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Home » Adventures » New Zealand » Auckland » Rangitoto Island

Jan. 1 — This is the Day That Would Never End

Auckland Skyline

Auckland Skyline

An early New Years day maximized my remaining time in New Zealand with the early bird ferry to Rangitoto Island. On my way to the dock I passed several people still straggling in from overnight partying, and clubs still blaring their New Years Eve music.

I boarded Rangitoto Ferry with only a few other souls making the morning passage across the bay. I watched Auckland’s skyline and ports during this short ride and sheepishly realized a real harbor lay before me. Most city waterfronts I encounter are run down warehouses or redeveloped bohemian housing. Here though, working docks transported goods in and out of New Zealand.

Rangitoto Island

Upon arriving at Rangitoto Island I followed a winding way to its summit. The trail crawled through lava fields and low growth brush. Several kiosks alongside described the violent creation of the island just some 600 years ago and subsequent vegetation. The island had several abandoned WWII installations, used to defend Auckland during the great conflict. These fortunately never saw action and were now reduced to dilapidated concrete shells. They were not much to look at, but knowing their history and widespread consequences of WWII added historical intrigue.

View of Rangitoto from Motutapu Island

View of Rangitoto from Motutapu Island

The summit provided a panoramic view of Auckland and the harbor. A large depression dominated the top, where the cooling volcano collapsed on itself. From the summit I descended to the lava caves. These caverns were close to 100m long and large enough to walk through with only a little crouching. I forgot my flashlight torch, but several collapsed openings provided barely enough light to pass through unaided.

After crawling and dirtying my hands, I ventured to Motutapu Island. The two islands were starkly different. Rangitoto Island had been left mostly to fend for itself, with naturally spreading bush overtaking it. People tamed Motutapu Island though, clearing grass fields for farming and building several homesteads throughout.

The trails on Motutapu Island mostly bordered grazing pastures. The paths were not that memorable but did lead to nice outlooks. Unfortunately the walk went through active grazing lands, and my longtime bovine archenemies planned an attack (abetted by their sheep cohorts).

Despite a couple small wrong turns, the walk eventually led to Home Bay. The bay was very busy, with a proverbial tent city occupying the camping area. Many Kiwis came here to usher in the New Year. After a short break I trekked along the main road to return to Rangitoto Island. Although the road was less interesting than even cow pastures, I had seen enough of those and needed to ensure I was back in time for the 3:45 boat to Auckland.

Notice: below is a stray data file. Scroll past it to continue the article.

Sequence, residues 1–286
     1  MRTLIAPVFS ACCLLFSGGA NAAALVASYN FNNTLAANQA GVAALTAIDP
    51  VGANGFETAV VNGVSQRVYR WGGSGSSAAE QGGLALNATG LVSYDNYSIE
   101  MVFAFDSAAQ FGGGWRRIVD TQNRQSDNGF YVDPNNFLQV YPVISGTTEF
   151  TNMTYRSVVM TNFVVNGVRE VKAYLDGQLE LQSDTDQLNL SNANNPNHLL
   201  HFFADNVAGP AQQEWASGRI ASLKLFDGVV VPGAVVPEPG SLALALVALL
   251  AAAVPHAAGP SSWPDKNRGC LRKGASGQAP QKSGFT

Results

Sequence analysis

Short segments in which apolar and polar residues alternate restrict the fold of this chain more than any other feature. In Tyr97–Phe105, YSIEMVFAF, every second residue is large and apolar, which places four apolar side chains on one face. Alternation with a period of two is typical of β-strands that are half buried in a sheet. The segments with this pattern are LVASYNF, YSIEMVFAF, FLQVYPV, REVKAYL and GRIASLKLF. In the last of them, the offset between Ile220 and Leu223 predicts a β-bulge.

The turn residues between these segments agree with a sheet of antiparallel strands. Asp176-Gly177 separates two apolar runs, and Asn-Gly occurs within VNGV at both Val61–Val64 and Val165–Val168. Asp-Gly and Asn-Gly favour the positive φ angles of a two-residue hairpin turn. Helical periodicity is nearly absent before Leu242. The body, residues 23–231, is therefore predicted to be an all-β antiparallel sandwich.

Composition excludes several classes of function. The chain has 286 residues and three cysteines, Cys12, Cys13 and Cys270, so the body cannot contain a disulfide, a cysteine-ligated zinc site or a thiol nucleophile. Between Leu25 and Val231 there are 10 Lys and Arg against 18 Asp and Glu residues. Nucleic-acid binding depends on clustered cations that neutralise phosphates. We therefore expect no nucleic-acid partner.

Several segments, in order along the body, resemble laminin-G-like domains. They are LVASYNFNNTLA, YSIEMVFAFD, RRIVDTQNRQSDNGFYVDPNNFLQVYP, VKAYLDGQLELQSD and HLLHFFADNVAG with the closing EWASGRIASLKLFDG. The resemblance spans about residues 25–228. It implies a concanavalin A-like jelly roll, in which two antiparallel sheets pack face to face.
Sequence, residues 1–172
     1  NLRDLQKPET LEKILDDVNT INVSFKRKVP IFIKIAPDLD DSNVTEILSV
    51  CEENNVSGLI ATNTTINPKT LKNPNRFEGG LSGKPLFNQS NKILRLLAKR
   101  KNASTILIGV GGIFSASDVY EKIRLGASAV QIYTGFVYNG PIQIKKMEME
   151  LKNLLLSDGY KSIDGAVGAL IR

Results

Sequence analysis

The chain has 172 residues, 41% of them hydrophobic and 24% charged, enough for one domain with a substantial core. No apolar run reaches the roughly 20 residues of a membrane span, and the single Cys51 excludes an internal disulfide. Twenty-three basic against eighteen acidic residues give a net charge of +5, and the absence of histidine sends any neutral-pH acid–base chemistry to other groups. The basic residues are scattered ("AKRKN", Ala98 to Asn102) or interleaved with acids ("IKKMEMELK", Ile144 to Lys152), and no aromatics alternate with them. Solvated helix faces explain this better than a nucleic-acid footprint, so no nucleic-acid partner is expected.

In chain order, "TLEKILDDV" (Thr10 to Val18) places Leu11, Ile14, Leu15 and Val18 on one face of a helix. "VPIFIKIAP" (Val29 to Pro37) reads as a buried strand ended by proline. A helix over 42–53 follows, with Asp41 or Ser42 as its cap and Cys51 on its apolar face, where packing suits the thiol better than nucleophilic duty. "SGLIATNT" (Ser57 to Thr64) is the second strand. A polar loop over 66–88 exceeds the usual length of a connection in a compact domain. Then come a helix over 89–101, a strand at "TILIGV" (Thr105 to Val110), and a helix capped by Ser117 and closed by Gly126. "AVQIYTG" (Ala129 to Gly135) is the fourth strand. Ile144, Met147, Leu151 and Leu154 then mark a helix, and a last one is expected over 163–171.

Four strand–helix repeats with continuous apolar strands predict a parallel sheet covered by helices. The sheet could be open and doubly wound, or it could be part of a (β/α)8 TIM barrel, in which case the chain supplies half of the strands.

Flowers blooming on the island

Flowers blooming on the island

I passed through Islington Bay Wharf on the way back, where New Zealanders erected their own unauthorized breach houses in the 20s and 30s. The government eventually got wind of the violations and commenced a protracted closure of them, but left a few behind for historical purposes. From here the Coastal Track, which despite its name had relatively few views of the ocean, continued towards the ferry stop. The trail was not physically demanding, but covered many rugged lava flows which made each step cumbersome, awkward, and slow. This arduous journey brought me to the main wharf.

Leaving New Zealand

My 3:45 departure from the island would be cutting it close to catch my 7 p.m. flight. But after a smooth boat ride, I hustled to my hostel to retrieve my gear, grabbed a very quick meal, and rode the airport bus. I then navigated immigration, security, and extra security due to an idiot from Nigeria before finally reaching my seat with little time before departure.

Now time stood still as I left New Zealand (hopefully to return), crossing the dateline in the other direction. I had the best coach seat on my return flight — not the one next to the mythical hot woman, but even better — next to an empty seat. I stretched my legs into the extra room for another long flight of eating, sleeping, and slightly less bad movies, before arriving at LAX for another mad dash through immigration and security to catch my last connection. That flight landed at home, concluding nearly one of the longest New Years Days possible, over forty hours — quite the celebration. Being back though, I could finally enjoy family, friends, food, and a shave.